I pulled the trigger and paid Verizon $80 for a new Actiontec MI424wr router

Two years of waiting and thinking. I wanted a new router that supported 802.11n speeds. It wasn’t important for years, as most of our devices ran on 802.11g. I do admit to buying a Wireless N adapter for the Tivo Premiere, with an expectation of one day moving to an 802.11 home network. For a time, I was transferring tv shows from the Tivo to the home PC (and later my iPhone 4), but Verizon and many other cable providers now block any copying. Since last year, however, we’ve added two new smartphones and one Nexus 10 tablet that all support 802.11n speeds. I eventually would like to finally get a tablet of my own this year, so that would make 5 devices that could take advantage of faster wireless speeds.

I’ve never been a fan of how Verizon forces customers to use Actiontec routers. There are so many nice and feature-packed routers out there on the market, but unless I want to maintain two devices, and figure out how to properly bridge them, I’d be stuck with the best Actiontec I could get. In the end, I wanted to keep it simple — one networking device. Verizon now offers the Actiontec MI424WR GigE router, which is the latest router to support 802.11n. It also has Gigabit Ethernet and a number of other features, but I’m mostly interested in the faster wireless speeds. What’s not so good about it? It’s a single stream router. In a mixed network (comprised of devices that run on g or n), the Actiontec’s compatibility mode will drop the entire network down to g speeds. The nicer dual band routers on the market will support both g devices and n devices — each would run on their own frequency band, and not impact the other. Sweet for everyone else, big caveats for me.

I would also have jumped in earlier, except Verizon will not just send you the new router when your original basic 802.11g router is working fine and dandy. To get the newer Actiontec, you have to pay the $79 fee, and that’s why I’ve waited two years. This year, I decided to pull the trigger on it. Verizon broke the fee up over the next three bills, and let me know that the router would arrive in 3-5 business days. In 3 days, it was here.

In slightly related news, we also acquired a new (and free) table with drawers that we put our black-and-white laser printer on, instead of using a tv tray that we purchased back when we were newlyweds. Sensing an opportunity to reorganize, I cleaned up, and changed the layout for a bit. I had no real issue with setting up the router,  though I had some difficulty to get the Tivo wireless N adapter onto the network, but eventually reran setup on it, and all was good again. Well, mostly good. It’s supposed to light up green on 802.11 g networks, and blue on 802.11n networks. Right now, it’s green, and that perturbs me. Luckily, I can still sleep at night, but I’d still like to figure out what the deal is with it.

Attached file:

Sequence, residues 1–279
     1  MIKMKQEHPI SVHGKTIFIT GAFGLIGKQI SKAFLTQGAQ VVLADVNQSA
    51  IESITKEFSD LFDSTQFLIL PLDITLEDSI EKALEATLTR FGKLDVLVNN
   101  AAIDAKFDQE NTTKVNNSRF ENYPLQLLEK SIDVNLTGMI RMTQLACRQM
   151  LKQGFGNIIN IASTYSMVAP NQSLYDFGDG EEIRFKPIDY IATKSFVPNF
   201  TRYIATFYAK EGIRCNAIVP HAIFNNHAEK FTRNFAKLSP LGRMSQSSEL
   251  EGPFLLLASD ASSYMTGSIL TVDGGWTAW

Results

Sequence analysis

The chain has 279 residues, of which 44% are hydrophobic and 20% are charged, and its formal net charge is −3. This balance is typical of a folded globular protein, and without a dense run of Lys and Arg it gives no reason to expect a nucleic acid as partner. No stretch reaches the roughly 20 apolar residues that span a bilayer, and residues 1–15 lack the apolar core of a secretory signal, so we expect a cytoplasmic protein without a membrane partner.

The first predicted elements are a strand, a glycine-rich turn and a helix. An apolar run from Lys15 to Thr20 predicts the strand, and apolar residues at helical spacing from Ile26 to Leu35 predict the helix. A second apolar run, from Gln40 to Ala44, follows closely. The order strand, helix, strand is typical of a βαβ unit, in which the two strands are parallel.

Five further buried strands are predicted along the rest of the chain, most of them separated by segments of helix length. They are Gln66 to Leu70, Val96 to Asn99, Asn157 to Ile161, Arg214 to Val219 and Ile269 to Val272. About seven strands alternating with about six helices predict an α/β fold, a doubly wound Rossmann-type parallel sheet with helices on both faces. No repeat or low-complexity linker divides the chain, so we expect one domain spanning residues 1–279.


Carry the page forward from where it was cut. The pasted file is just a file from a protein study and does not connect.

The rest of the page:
After dabbling with the router settings, I’m sticking with 802.11n-only (“Performance” mode) for now, but I’m sure I’ll have to dumb it down to the slower speeds later. For now, I just want to see if there is a noticeable difference in speed.

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8 Responses to I pulled the trigger and paid Verizon $80 for a new Actiontec MI424wr router

  1. Kryten says:

    FWIW, you only need to use the Verizon Actiontec router if you use a Verizon STB (or want to use MoCA). If you only want to use say, a Linksys or D-Link router, you can request the WAN link on the ONT be switched from coax to ethernet (they can do this remotely). I did this since I only use a TiVo and it works just fine.

  2. Joel says:

    Wow thanks for letting me know. I had been researching this option, and it seemed possible. I would just need to figure out what I would do about rewiring the cabling.

    Question – so from where do you hook up the coax to the multistream card on the Tivo? Straight from the FiOS ONT?

  3. Pingback: Got the new Asus RT-AC68U router last night - Tales From The Ipe!

  4. Mike says:

    Hi Joel,

    Great site. Just curious, what was the final verdict? Did you get a noticeable increase in speed from the upgraded router? I saw your speed test results too. Do you mind saying what your download/upload speed you pay for? I am am thinking about getting the new router too. All of my devices are n capable.


  5. Joel says:

    Hi Mike. The final verdict is that the Asus RT-AC1900 is a pretty nice router, with a handy dandy GUI interface. The funny thing is that you it’s fairly unlikely to get speeds on the high end of the range. You would need the special/unique wireless adapters. When I’m using my Galaxy S4 (which supports 802.11ac), I have gotten 430 Mbps. That’s the highest I’ve seen.

  6. Matt says:

    I find it infuriating that VZW wont upgrade their existing customers to a newer router…I’ve been a loyal FiOS customer for years and have been stuck with the same crappy Actiontek 802.11b/g router.

  7. Rick says:

    Speak to an online FiOS Tech rep. Just got my MI424WR (GigE) for free. Possibly because I have “Quantum” speed. I knew when i upgraded I should have gotten it then for free but after a few months I noticed speed issues and wifi issuse.. went on the chat and being nice pays because instead of making me do bunch of non sense i told him i did all the necesaary steps. WiFi channel change, in Home agent tool, and such he just said well i’ll just be sending you a router. Hope this helps..
    Sidenote: I want to get an in home WiFi Extender… Will this work? I have a feeling the Techs over at VZ might say no..

  8. steven says:

    for cox at work, YOu supply your own wireless router, they only provided a wired connection. and it is slow.

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